The Nobel Prizes awarded each year resemble a kind of report card where each prize-worthy discipline (Physics, Chemistry, etc.) gets a grade that depends on the prize-winning research. If the prize-winning research is useful and surprising, the grade is high. If not the grade is low. More generally, at least to me, the intellectual history of the prize winners sheds light on the whole profession. Perhaps some biologists were unaware of the behavior of Eric Kandel described in Explorers of the Black Box when he was awarded the biology prize. Kandel, I hasten to add, is an unusual case.
Thomas Sargent is one of the winners of this year’s Economics prize. In 2007, he gave a graduation speech at Berkeley to economics majors (via Marginal Revolution). In the speech, Sargent called economics “organized common sense”. He went on to list 12 common-sense ideas, such as “Individuals and communities face trade-offs” and “governments and voters respond to incentives” that economists believe. The reasons for their belief weren’t stated.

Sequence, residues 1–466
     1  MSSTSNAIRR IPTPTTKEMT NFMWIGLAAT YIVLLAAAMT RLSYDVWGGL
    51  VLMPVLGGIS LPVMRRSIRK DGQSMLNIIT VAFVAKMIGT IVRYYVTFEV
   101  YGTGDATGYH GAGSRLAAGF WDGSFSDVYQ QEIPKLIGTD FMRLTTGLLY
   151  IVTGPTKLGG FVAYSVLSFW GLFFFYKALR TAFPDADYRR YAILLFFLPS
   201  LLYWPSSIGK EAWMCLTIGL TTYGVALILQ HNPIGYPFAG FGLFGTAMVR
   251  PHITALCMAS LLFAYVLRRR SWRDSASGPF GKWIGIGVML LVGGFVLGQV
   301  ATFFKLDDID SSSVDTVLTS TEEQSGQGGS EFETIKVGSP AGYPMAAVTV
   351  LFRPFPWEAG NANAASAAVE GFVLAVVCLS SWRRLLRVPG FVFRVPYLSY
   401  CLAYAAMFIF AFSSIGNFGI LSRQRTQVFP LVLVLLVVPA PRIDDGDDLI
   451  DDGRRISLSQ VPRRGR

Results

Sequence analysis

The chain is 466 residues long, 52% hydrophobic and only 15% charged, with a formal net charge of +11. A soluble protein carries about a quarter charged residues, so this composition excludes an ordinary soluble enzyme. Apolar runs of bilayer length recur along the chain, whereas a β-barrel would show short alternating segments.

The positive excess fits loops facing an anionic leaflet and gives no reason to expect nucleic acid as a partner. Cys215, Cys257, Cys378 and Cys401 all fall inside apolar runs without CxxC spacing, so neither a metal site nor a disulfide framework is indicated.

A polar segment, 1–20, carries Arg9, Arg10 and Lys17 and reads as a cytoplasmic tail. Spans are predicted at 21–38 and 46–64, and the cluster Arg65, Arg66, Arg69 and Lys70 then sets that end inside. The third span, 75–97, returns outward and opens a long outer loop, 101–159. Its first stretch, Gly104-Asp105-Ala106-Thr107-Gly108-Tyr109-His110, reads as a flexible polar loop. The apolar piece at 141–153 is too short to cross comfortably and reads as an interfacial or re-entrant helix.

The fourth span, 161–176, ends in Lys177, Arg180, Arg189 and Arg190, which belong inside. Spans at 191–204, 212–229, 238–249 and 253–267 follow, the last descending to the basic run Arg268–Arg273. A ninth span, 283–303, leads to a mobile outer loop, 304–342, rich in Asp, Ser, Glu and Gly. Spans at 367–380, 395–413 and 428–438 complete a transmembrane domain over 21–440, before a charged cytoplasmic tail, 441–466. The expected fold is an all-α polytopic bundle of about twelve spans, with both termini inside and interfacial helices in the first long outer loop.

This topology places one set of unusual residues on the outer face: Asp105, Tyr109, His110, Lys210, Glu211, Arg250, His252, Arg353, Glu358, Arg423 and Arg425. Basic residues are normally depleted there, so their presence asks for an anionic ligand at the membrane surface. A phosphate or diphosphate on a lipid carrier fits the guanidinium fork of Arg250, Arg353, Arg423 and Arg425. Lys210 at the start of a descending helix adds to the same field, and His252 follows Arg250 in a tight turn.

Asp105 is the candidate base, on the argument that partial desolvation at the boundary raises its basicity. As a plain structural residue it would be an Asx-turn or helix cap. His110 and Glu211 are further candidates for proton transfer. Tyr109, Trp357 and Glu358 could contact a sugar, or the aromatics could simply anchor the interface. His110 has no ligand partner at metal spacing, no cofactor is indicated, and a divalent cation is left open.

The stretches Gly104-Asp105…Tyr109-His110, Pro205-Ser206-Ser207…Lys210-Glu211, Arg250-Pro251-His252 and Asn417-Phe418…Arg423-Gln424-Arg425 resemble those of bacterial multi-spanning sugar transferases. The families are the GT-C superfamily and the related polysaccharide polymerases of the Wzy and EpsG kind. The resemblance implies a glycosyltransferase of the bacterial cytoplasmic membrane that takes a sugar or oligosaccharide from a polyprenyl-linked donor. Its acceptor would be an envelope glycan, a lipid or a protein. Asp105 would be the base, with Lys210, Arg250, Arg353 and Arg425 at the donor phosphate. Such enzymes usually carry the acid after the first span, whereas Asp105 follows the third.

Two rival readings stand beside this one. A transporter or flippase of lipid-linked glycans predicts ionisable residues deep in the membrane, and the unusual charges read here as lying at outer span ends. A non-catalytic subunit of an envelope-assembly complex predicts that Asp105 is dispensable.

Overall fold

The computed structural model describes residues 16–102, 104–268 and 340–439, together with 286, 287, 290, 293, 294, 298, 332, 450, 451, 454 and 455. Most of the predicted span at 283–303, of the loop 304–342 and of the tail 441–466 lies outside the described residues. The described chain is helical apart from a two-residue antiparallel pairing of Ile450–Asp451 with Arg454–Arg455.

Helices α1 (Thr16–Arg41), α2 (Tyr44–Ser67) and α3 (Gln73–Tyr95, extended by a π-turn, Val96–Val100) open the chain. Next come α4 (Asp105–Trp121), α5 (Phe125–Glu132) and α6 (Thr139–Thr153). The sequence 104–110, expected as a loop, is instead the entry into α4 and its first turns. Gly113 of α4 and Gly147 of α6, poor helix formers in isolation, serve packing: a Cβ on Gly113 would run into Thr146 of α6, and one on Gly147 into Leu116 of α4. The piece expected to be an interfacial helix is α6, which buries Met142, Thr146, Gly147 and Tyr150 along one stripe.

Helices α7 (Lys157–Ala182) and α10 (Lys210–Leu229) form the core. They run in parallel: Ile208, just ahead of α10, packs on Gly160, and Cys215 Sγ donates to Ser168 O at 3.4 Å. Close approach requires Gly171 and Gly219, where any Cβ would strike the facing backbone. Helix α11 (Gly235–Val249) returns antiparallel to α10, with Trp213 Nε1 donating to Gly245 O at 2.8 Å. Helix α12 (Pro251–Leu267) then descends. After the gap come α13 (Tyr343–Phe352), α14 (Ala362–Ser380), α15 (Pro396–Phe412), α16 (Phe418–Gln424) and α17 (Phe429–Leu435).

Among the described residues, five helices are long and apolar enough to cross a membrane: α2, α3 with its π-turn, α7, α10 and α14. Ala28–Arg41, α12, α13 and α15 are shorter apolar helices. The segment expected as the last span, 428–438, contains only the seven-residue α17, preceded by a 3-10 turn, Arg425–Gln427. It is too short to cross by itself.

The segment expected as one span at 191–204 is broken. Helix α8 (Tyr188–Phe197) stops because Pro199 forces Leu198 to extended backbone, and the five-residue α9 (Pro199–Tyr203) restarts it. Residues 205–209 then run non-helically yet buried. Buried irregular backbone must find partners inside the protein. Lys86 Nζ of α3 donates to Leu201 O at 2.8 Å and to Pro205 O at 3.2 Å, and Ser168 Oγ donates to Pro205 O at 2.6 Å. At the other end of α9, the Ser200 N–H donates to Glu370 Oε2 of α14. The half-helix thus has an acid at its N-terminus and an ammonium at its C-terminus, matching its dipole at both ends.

When I started as a professor (at Berkeley) I did many experiments with rats and, to my annoyance, discovered an inconvenient truth: I understood rats less well than I thought. Even in a heavily-controlled heavily-studied situation (Skinner box), my rats often did not do what I expected. My common sense was often wrong, in other words. This experience made me considerably more skeptical of other people’s “common sense”.
To me, and I think to most scientists, science begins with common sense. Experimental psychology certainly does. I used common sense to design my experiments. Had I not done those experiments, I would not have learned that my common sense was wrong. So relying on common sense was helpful — as a place to start. As a way to begin to understand. You begin with common-sense ideas and you test them. That common sense is often wrong is a theme of Freakonomics, in agreement with my experience. Yet Sargent seemed content (he called economics “our beautiful subject”) to end with common sense, perhaps tidied up.
This is really unfortunate because economics, beautiful or not, is so important. If you ignore data, the answer to every hard question is the same: the most powerful people are right. That way lies stagnation (problems build up unsolved because powerful people prefer the status quo) and collapse (when the problems become overwhelming). Alan Greenspan’s faith-based belief in free markets and the 2008 financial crisis — after Sargent’s speech — is an example. In 2009, Sargent’s speech might have been less well-received.